Friday, December 14, 2007

Criss-Cross -- Don Tracy

The other day I saw this book on a thrift-shop shelf, and nabbed it immediately. My theory is that when you see a book with a cover like that, you buy it. After I looked the book over, I was even more pleased with the purchase than I'd expected to be. Criss-Cross is the reprint of Don Tracy's 1934 novel that forms the basis of the movie with the same name (starring Burt Lancaster, Yvonne de Carlo, and Dan Duryea (and I'm sure I've mentioned before that my father insisted on calilng him "Dan Diarrhea). It was also the basis for Stephen Soderbergh's The Underneath.

The book itself is sort of a proto-Gold Medal, published a good 15 years before GM went into the pb original business. Johnny Thompson falls for the wrong woman. He's not handsome or rich, just a down-on-his luck former boxer with a flat nose and a low-paying job as an armored-car guard. The woman marries a guy named Slim, who's a low-level heister. She doesn't love Slim, and, while she doesn't love Johnny, either, she doesn't mind a little extra-marital hanky-panky (this book's surprisingly sexy for a 1934 novel, about as frank as a typical '50s Gold Medal, in fact).

Slim finds out about the hanky-panky, and asks Johnny to help him knock over an armored car. Johnny goes along with the idea, knowing that Slim plans to kill him. Johnny's idea is to turn the tables, and he does. He comes out looking like a hero.

If you think that's the end, though, you're wrong. Being a hero isn't all it's cracked up to be, especially when you're still hooked on the wrong woman. Johnny gets the idea that he can hear Slim laughing at him, though Slim's no longer among the living. And, sure enough, Slim has the last laugh.

This is a neat little noir, told in the flat, objective style that was coming on strong in the '30s. If you've only seen the movie, you might want to check it out.

And by the way, think a bit on Don Tracy. He wrote some nice pb originals himself later on, as well as some historical novels. I believe that as "Roger Fuller" he continued the Peyton Place series after Grace Metalious's death, as well as writing other media tie-ins (like Son of Flubber). He was a good writer, now mostly forgotten.

11 comments:

Ed Gorman said...

I bought the same edition you have. I think I paid a buck. Hell of a novel. Tracy had a very bad botte problem which he wrote about. In the Fifties three or four of his hardcovers were bestsellers. I'm not sure when the booze brought him down. But then he began writing a lot of pb originals. He did a couple of series for Pocket, I know, and yes he was Roger Fuller. And probabl some other folk too. Criss Cross is a fine movie with Burt Lancaster, Yvonna DeCarlo and Dan Duryea.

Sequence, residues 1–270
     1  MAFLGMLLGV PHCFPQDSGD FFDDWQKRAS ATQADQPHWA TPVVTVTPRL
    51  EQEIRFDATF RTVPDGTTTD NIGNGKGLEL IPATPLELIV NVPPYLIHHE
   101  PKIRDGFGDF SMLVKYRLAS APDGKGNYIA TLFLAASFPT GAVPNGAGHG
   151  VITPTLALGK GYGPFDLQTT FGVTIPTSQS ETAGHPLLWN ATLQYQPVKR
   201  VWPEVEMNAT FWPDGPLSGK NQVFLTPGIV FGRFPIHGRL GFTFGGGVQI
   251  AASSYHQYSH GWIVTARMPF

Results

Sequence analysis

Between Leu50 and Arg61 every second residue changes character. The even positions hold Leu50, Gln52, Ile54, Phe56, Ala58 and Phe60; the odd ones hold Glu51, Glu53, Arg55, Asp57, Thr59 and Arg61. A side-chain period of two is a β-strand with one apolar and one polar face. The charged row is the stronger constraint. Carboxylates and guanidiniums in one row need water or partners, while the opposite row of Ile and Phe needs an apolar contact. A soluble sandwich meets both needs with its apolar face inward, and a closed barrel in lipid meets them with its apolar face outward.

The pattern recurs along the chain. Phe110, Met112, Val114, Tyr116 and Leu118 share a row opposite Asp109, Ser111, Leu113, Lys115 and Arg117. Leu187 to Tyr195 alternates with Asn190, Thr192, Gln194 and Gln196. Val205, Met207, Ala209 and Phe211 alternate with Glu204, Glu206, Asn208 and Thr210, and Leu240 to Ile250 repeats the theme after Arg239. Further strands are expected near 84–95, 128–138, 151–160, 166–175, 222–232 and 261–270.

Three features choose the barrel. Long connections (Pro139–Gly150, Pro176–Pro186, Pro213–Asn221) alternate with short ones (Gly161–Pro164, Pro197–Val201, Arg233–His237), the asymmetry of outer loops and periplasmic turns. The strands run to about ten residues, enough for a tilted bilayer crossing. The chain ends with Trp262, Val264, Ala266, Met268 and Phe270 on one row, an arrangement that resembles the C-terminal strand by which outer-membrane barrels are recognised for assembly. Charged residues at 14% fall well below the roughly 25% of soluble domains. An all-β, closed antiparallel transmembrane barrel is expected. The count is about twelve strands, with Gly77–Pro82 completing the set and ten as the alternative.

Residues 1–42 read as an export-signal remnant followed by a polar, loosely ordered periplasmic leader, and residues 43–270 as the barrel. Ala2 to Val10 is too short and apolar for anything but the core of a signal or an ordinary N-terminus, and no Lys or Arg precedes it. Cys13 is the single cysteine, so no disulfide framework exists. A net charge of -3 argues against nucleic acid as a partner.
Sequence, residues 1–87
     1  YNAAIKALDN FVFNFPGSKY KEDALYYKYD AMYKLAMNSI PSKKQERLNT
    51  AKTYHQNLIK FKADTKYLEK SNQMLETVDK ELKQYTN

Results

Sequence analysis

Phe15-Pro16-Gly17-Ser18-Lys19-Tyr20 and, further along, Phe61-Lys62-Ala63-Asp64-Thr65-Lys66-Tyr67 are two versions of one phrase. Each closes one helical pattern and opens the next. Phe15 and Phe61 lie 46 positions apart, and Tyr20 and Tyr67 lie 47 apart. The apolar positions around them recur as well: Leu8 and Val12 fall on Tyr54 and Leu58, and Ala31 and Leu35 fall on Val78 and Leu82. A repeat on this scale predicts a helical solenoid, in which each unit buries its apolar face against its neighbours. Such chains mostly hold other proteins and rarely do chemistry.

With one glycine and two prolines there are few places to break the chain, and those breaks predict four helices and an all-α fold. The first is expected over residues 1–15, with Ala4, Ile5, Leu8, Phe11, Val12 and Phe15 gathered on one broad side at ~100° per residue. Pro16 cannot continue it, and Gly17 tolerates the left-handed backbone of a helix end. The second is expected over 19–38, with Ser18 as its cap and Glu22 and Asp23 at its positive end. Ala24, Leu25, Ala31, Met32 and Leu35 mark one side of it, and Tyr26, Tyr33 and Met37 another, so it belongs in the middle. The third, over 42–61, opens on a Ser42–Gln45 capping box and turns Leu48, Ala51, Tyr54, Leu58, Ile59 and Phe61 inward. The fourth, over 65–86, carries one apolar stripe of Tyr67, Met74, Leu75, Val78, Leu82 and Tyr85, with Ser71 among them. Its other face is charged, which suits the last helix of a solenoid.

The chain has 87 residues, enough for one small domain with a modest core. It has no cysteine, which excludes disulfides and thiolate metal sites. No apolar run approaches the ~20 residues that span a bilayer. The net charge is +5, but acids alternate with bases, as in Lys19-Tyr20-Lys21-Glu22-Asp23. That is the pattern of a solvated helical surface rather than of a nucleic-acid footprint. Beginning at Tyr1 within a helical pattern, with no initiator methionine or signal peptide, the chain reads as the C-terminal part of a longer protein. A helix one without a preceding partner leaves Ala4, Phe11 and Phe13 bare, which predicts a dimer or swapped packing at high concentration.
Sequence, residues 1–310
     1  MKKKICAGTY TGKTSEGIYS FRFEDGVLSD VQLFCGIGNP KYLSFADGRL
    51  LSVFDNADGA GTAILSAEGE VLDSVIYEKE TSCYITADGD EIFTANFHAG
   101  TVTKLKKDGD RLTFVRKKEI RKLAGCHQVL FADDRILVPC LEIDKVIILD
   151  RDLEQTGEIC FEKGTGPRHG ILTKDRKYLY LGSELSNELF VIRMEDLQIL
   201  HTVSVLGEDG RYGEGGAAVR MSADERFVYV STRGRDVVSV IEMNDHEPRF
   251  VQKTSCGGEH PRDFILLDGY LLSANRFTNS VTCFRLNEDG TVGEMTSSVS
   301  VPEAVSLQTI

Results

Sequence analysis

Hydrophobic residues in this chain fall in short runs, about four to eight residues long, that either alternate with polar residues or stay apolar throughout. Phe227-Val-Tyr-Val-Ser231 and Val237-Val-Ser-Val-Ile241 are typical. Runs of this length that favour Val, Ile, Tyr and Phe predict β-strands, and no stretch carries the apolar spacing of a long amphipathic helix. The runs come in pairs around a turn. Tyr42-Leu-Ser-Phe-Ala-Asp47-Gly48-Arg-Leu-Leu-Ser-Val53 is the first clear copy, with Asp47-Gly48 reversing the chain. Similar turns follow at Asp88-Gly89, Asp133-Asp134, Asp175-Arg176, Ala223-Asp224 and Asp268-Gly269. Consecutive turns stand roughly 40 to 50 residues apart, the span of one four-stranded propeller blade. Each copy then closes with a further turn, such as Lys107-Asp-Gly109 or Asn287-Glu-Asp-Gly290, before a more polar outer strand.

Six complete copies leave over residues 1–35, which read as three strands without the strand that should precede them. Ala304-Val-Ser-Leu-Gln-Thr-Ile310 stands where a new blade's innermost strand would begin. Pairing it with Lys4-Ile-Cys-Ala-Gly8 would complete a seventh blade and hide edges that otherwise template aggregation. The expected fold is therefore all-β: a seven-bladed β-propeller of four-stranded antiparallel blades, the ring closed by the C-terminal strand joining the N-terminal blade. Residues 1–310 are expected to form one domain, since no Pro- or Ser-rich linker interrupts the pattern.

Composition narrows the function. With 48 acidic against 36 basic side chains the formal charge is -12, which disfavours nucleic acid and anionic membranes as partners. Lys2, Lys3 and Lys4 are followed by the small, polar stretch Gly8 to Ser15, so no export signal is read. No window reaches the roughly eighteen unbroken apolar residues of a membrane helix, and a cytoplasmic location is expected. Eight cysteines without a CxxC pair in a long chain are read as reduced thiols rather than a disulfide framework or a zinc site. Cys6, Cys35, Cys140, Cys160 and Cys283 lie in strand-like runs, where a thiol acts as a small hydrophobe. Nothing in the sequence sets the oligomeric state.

Living Large in Encino said...

The story how producer Mark Hellinger bought Criss Cross to be made into a movie is of some interest. Hellinger paid Tracy $5000.00 for the book in 1946 and also threw a grand at agent Paul Kohner for setting the deal up.

Hellinger hired Anthony Veiller for $30,000 to write the script with a 5% end of the producer's profits.

The ending that Veiller came up with had the cop Ramirez ( Stephen McNally in the film) kill Steve (Burt Lancaster) in the barwith a closing line about Steve's service and sea change during WWII: "“He died a long time ago, December 21, 1944 in Bastogne. That’s a little town in Belgium."

When Hellinger died at the end of 1947, his widow, Gladys Glad sold the rights to Criss Cross to Universal-International for $115,200. Daniel Fuchs wrote the screenplay, but the great dialogue was largely due to the uncredited work of Bill Bowers who punched up the script.

Alan K. Rode

James Reasoner said...

Among the Roger Fuller TV tie-ins are a couple of Burke's Law novels, WHO KILLED BEAU SPARROW and WHO KILLED MADCAP MILLICENT. I recall liking them quite a bit, although it's been over thirty years since I read them.

Fred Blosser said...

Tracy was publishing pb originals at least as late as 1968 -- THE BLACK AMULET from Pocket Books. He seems to have written a fair number of historicals. One of his '50s hardcovers, CRIMSON IS THE EASTERN SHORE, was reprinted in pb in the '70s to capitalize on the popularity of Michener's CHESAPEAKE.

Anders E said...

As Roger Fuller he wrote at least one THE FUGITIVE tie-in, FEAR IN A DESERT TOWN. It's quite good, as I recall.
CRISS CROSS never made it into Swedish, I'm afraid. Guess it's one of those books I will never read. Sigh.

RJR said...

You guys are good. You got there before me with the Burke's Law and Fugitive info. Don Tracy also did about 6 books in a series about M.P. Giff Speer, books like Look Down On Her Dying, Pot of Trouble and High< Wide and Ransom.

RJR

Bill Crider said...

I have some of those Griff Speer books.

August West said...

Unbelievable. I also found the same edition at our Salvation Army Store last year for $1 People must not know what they have to be getting rid of them. Read his Lion book "The Cheat" -was good, but "Criss-Cross" was better. Also have one of his Historical Novels but thats not my cup of tea.
Reading now "The Nightshade Ring" by Lindsay Hardy. Believe he is an Australian author?

http://vinpulp.blogspot.com/

Bill Crider said...

I read The Nightshade Ring about a zillion years ago, and also another book by Hardy. All I remember now is that I enjoyed both.

RaiderLegend said...

I read Don Tracy's "The Hated One." It deals with racial issues in the south, as well as alcoholism. I found it very interesting to be in the head of an alcoholic character who happens to be a lawyer and must sober up to focus on the case. Tracy did a great job. I Didn't know he had a problem with the bottle. I have his "How sleeps the beat" on my reading wish-list.

Bill Crider said...

Tracy's one of those writers who's slipped through the cracks and it seldom remembered. Which is too bad.